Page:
Texas defensive back Chris Brown, right, along with linebacker Juwan Mitchell celebrate after making the final defensive stop of the game against Baylor. (Scott Wachter/USA Today)

The Longhorns, staggering under the weight of a pair of bitter losses to TCU and Oklahoma in the final minutes and a burdensome controversy over a polarizing alma mater, got past a tumultuous bye week and showed honest to goodness progress on all fronts. Maybe they are college football’s best practice team because Tom Herman got results.

They checked a lot of boxes Saturday:

  • More intensity on defense, with several strong stands and only 3 points allowed the first three quarters.
  • Big-strike offense with deep throws to Tarik Black, Joshua Moore and emerging tight end threat Jared Wiley.
  • Dedication to a running game that took some strides with a solid start from Bijan Robinson and zero fumbles by Keaontay Ingram.
  • Fewer dumb penalties (although Mr. Kerstetter shall remain in the doghouse).
  • Sam Ehlinger being Sam Ehlinger with three total touchdowns.

“The bye week helped us inch closer to where we want to be,” UT coach Tom Herman said. “We’re not there yet. We’re not even close, but we’re making strides.”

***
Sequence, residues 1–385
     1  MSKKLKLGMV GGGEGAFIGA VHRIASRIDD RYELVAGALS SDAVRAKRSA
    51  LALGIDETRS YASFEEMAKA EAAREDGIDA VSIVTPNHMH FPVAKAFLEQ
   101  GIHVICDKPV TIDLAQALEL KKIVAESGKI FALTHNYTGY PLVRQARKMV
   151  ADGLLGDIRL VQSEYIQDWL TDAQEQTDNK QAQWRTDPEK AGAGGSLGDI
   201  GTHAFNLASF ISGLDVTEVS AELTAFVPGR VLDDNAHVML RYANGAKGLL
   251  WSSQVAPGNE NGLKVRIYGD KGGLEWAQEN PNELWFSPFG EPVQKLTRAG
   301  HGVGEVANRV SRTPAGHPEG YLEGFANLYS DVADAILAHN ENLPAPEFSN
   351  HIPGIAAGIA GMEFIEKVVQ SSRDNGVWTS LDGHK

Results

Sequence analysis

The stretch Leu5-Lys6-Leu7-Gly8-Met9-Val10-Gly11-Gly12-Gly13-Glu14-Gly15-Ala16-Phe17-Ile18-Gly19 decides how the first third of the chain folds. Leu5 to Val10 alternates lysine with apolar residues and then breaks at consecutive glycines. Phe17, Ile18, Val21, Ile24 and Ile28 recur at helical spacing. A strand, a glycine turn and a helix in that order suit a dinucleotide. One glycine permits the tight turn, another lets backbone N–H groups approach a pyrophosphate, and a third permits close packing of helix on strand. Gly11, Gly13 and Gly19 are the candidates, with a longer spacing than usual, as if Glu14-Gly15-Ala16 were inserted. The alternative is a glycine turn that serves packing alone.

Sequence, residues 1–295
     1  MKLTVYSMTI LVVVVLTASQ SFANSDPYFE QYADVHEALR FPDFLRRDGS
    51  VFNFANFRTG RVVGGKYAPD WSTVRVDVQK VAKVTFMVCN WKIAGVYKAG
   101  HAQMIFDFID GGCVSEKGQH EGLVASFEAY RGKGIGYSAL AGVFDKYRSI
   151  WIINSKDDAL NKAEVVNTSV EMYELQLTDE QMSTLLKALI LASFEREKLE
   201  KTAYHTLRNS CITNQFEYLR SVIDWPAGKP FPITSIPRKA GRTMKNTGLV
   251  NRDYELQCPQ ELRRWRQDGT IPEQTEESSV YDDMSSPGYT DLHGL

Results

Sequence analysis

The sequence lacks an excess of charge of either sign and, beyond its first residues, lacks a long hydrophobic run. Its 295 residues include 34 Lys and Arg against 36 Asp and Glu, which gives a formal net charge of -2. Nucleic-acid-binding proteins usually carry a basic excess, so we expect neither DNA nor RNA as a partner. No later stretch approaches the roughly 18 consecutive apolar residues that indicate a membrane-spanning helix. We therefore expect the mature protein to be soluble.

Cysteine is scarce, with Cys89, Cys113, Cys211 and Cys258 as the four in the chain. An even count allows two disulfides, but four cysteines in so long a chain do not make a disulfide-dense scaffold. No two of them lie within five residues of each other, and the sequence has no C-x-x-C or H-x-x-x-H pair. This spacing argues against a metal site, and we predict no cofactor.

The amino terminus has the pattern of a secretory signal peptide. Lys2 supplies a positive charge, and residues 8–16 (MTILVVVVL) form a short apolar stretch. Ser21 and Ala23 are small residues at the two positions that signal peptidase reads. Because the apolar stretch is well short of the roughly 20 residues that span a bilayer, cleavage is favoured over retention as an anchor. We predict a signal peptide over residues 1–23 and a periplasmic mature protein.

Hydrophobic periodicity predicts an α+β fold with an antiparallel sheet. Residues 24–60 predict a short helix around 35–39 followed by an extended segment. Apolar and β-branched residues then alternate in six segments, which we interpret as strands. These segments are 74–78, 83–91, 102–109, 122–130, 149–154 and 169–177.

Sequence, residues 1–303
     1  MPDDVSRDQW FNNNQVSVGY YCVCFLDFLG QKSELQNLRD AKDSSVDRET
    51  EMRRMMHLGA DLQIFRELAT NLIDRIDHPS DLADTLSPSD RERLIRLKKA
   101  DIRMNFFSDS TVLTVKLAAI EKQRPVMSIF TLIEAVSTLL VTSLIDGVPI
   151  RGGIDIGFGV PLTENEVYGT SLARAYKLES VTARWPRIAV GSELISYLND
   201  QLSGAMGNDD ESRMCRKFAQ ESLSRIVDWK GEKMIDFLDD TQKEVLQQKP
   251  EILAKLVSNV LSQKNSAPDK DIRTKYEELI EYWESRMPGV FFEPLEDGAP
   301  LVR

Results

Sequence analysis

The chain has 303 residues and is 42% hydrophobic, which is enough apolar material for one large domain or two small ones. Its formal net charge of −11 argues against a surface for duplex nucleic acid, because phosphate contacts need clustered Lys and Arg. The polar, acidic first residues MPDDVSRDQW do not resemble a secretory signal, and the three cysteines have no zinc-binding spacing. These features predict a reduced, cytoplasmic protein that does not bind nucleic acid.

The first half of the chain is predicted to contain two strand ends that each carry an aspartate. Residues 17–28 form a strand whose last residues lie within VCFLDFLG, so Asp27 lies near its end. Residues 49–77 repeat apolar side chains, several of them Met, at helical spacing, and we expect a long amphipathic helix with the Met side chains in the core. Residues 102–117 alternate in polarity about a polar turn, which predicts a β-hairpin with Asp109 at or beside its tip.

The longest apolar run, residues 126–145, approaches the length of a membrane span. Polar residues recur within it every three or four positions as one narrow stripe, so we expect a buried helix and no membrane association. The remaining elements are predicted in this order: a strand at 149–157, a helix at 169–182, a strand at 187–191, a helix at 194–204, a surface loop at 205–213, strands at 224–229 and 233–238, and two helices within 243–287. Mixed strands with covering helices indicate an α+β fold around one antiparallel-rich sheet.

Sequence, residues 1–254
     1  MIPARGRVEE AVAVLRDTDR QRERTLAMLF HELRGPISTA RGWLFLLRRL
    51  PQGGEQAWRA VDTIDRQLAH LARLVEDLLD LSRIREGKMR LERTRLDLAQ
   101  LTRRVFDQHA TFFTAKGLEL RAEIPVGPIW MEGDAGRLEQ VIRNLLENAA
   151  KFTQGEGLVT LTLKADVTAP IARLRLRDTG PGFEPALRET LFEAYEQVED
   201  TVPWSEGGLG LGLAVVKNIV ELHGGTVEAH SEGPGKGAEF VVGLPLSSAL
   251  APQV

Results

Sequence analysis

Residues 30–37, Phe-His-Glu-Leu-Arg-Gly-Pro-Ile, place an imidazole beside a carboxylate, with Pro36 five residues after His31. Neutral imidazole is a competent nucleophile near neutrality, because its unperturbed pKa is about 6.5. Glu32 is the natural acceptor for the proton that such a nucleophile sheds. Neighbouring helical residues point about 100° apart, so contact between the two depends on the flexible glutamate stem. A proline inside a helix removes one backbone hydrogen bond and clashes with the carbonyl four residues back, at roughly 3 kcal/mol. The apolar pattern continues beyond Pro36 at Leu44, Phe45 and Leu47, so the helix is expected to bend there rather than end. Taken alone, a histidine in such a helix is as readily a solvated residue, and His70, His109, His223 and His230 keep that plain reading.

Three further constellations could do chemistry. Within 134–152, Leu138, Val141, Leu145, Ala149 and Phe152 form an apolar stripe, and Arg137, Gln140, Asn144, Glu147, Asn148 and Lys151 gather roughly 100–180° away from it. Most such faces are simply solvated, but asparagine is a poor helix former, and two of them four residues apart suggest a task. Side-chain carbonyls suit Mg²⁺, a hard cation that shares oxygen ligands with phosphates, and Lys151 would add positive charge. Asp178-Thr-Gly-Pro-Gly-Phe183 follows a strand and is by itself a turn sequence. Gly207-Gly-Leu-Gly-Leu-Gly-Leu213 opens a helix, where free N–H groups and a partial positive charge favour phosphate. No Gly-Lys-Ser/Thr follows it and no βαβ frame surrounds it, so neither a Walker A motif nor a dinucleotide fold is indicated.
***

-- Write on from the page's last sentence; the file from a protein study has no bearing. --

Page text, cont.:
Texas quarterback Sam Ehlinger eludes Baylor linebacker William Bradley-King in the second quarter. Ehlinger produced three total touchdowns in the 27-16 win. (Ricardo B. Brazziell/American-Statesman)

What that all adds up to is a serious meeting for Texas with undefeated and sixth-ranked Oklahoma State (4-0), especially if the Longhorns want any more meaningful games the rest of the season.

Next Saturday’s game will be in Stillwater when it coincides with Halloween although that’s hardly necessary to instill any extra craziness in contests there.

Everything is at stake for a Texas team needing to find something deep within it and summon up the will and power and concentration to knock off the Big 12’s sole undefeated team and only CFP contender on the road.

That’s what’s on the line: staying in the mix. Beat Oklahoma State and throw the league standings into a tizzy with everybody back in the race.